• Malnutrition departmental At the departmental levelhigher levels of chronic malnutrition in using the OMS children under five years reference standard are presented Huancavelica (54.6 percent)  Cajamarca (40.5 percent) Ayacucho (38.8 percent) Apurimac (38.6 percent) Huánuco (37.4 percent) Conversely, Tacna, Moquegua and Lima had the lowest levels of chronic malnutrition (3.0, 5.7 and 8.9 percent respectively).
    • ANEMIA
    • Anemia is a condition in which blood lacks sufficient red blood cells.An iron deficiency in the daily diet is more than half the total number of cases of anemia.
    • HIGHLAND JUNGLE COASTSOURCE: INEI, National Populationand Family Health DHS 2007, 2009and 2010.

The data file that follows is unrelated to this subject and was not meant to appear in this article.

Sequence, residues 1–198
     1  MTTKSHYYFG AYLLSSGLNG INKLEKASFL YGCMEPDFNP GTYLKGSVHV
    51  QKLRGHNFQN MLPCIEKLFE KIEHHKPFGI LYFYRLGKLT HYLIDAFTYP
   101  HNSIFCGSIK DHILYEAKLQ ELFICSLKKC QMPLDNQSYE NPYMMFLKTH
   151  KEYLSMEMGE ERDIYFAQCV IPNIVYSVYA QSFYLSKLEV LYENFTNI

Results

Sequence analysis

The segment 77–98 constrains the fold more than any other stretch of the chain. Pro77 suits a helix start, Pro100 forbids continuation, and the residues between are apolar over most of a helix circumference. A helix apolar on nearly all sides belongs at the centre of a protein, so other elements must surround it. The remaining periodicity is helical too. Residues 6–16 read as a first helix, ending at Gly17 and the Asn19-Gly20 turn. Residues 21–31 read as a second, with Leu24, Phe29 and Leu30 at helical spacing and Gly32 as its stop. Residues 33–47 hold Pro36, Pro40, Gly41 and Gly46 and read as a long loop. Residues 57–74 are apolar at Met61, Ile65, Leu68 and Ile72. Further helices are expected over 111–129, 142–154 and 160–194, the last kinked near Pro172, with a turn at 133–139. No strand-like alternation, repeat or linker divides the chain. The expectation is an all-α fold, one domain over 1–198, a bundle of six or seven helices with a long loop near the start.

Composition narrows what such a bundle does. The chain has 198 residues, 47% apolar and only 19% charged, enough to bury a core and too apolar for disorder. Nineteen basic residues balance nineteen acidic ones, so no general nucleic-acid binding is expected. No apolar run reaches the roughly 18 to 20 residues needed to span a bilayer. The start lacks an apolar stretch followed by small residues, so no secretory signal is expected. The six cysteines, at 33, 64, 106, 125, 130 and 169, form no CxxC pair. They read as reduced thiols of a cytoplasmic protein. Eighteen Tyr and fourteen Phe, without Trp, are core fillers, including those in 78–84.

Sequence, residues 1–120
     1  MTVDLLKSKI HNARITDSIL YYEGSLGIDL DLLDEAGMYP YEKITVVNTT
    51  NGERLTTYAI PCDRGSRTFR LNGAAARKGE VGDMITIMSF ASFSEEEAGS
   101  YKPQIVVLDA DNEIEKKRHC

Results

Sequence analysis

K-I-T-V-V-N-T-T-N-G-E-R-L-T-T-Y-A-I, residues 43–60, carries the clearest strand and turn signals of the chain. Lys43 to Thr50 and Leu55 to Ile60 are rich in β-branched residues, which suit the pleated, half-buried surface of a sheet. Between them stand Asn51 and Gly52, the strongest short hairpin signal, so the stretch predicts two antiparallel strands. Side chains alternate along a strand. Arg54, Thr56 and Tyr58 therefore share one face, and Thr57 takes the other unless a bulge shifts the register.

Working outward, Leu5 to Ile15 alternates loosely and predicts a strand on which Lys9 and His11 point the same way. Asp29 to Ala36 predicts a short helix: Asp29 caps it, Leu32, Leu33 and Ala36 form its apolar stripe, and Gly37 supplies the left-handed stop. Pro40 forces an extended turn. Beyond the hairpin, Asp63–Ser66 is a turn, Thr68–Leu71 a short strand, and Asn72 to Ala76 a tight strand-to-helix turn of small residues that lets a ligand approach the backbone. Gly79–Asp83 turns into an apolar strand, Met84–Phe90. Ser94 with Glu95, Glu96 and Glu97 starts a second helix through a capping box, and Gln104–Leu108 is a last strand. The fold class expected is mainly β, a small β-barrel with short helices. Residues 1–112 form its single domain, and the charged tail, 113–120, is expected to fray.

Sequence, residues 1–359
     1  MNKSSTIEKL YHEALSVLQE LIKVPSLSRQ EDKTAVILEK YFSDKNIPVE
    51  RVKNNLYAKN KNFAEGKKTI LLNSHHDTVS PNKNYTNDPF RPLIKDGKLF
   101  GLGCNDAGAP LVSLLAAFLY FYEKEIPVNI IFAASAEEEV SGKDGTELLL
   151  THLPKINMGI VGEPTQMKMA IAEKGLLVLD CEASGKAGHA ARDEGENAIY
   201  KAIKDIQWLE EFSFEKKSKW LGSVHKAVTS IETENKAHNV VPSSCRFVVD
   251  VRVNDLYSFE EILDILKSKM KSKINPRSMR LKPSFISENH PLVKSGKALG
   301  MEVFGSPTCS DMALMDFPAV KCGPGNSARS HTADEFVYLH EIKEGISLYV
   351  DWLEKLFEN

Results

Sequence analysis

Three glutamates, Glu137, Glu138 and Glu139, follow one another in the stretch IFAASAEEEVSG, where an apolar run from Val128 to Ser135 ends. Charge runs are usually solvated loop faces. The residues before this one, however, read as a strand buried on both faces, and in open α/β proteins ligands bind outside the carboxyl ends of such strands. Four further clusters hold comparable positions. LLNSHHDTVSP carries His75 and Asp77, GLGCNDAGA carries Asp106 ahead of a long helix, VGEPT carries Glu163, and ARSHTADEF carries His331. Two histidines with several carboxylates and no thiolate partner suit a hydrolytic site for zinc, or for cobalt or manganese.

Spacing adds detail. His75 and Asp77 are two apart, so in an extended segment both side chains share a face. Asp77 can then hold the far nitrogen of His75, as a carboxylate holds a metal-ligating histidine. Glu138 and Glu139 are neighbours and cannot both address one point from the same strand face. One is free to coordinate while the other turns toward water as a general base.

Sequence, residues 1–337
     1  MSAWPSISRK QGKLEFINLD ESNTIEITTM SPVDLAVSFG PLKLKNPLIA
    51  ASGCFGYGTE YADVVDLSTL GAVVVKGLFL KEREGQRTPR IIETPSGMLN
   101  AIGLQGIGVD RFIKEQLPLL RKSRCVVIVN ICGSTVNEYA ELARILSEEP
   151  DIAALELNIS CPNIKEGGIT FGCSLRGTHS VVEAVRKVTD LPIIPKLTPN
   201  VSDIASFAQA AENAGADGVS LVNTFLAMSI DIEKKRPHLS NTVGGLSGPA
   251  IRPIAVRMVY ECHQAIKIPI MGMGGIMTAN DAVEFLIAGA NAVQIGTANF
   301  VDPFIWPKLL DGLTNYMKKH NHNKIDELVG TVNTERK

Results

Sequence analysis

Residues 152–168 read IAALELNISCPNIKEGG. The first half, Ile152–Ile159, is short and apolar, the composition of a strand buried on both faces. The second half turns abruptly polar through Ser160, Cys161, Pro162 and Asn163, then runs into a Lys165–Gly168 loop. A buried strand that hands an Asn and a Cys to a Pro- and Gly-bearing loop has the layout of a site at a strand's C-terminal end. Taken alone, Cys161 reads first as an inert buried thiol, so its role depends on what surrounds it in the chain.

• BREAST MILK
    • • Provides essential nutrients for the first 6A months of life • Immunization of different diseasesB • Its absence causes acute childhoodC malnutrition
    • GRAPHIC No. 01 PERU: PROPORTION OF LESS THAN SIX MONTHS Forest, 77.6 Exclusively breastfed, 2007, 2009 AND 2010 percent, has theON THE COAST highestIS A GREATER proportion in RISK FACTOR FOR contrast to thatMALNUTRITION observed in theDUE TO LACK CoastOF EXCLUSIVEBREASTFEEDIN G URBAN RURAL COAST MOUNTAIN JUNGLE S AREA OF RESIDENCE NATURAL REGION SOURCE: INEI, National Population and Family Health DHS 2007, 2009 and 2010.
    • PREVALENCE OF INFECTION ACUTE RESPIRATORY(IARs)
    • • Malnutrition decreases the bodys defensesA • Microorganisms infect the respiratory tract and the bodyB has few defenses to combat • The highest proportion of respiratory infections, is in theC jungle and in urban areas